Skip to main content
Explore URMC

menu
Noyes Health / About Noyes / News / Article

Food | Not a Reward, Not a Punishment

Friday, August 5, 2016

As a young child, I remember sitting in the grocery cart kiddie seat each week as my mother grocery shopped.  Most of the time I was expected to just sit there quietly but occasionally, mom would treat me to a box of animal crackers.  I would make the little delectable critters last a good long time.  The best part was telling a story about each animal before popping it in my mouth.  Nowadays when I go to the grocery store, I often see one of three scenarios unfold: 1) a child is misbehaving and a parent bribes the child with food to acquire the desired behavior; 2) the child is behaving and the reward is food or 3) the child is misbehaving and food is withheld as a punishment. In all three cases, food is attached to the behavior. The message is behave in a certain way and food will come your way. Food for some has become a reward or a punishment instead of nourishment and something to be enjoyed with family and friends in community. Unfortunately, the child who expects a sweet for being good at the store at age 4 or 5 may become an adult who reaches for food as a reward for a long day at work.

According to the Academy of Nutrition and Dietetics, parents should not use food as a reward or punishment.  Punishment by withholding foods can make a child anxious.  In addition, children may turn the table on their parents and punish them by refusing to eat (certain foods), thereby gaining attention, and causing the parents to be anxious. Furthermore, attaching treats to a behavior can undermine healthy eating habits and interfere with a child’s natural ability to determine if he or she is full and satisfied or still hungry.  Currently, one-third of children and adolescents ages 6-19 are overweight or obese.  Promoting healthy eating habits and making mealtime fun with good conversation and laughter is an important step to turning those numbers around.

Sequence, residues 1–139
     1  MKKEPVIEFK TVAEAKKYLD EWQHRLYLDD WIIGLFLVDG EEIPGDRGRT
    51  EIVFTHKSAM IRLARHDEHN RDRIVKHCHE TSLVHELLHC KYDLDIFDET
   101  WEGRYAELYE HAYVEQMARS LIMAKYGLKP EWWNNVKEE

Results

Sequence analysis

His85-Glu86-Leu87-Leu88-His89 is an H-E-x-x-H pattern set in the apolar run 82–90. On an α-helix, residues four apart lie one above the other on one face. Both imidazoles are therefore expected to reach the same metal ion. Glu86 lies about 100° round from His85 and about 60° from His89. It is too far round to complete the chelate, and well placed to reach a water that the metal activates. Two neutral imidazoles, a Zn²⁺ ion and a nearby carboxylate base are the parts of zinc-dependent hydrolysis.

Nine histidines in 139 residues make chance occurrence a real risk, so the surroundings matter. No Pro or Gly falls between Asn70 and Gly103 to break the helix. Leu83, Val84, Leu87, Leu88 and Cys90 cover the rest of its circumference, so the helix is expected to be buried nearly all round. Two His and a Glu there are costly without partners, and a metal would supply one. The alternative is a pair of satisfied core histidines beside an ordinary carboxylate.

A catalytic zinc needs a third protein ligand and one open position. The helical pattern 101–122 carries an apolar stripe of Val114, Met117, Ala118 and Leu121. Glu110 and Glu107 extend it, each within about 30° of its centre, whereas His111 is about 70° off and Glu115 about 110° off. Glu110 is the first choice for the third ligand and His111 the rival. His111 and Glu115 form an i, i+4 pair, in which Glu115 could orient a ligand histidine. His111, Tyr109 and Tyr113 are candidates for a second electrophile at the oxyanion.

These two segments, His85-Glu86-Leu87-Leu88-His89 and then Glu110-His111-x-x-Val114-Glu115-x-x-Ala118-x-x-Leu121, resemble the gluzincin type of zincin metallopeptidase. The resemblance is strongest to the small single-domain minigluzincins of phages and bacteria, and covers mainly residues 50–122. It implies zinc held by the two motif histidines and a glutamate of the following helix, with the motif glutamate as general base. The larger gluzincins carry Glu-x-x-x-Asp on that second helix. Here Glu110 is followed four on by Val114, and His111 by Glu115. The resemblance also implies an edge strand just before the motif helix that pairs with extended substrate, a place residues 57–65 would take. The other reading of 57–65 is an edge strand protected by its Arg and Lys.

When food is used as a reward for achieving good grades, eating everything on the plate, or picking up toys, there are consequences.  The Center for Science in the Public Interest (CSPI) lists several consequences for using food rewards:

  • It compromises classroom learning.  Schools, child care centers, and even parents have nutrition programs.  They extol the virtues of eating a balanced diet with plenty of fruits, veggies, whole grains, and lean proteins.  These lessons are meaningless if they are contradicted by rewarding children with sweets.  The state of Connecticut Department of Education states, “It’s like saying, “You need to eat healthy foods to feel and do your best, but when you behave or perform your best, you will be rewarded with unhealthy food.”

  • It contributes to poor health.  When food is presented as a reward, children are more apt to learn a preference for sweet foods and junk foods. Cookies, candy, and junk food all contribute to health problems including childhood obesity, diabetes, hypertension, and cavities.

  • It encourages overconsumption of unhealthy foods.  Foods used as rewards often are high in sugar, fat, sodium, and calories.  By associating these foods with celebration of even the smallest achievements, children learn to grab these foods as a default mode as they head toward adulthood.

  • It contributes to the path to adult obesity.  Statistically, children, who are rewarded frequently with food, are more prone to be overweight or obese adults.  The associations are strong and hard to break.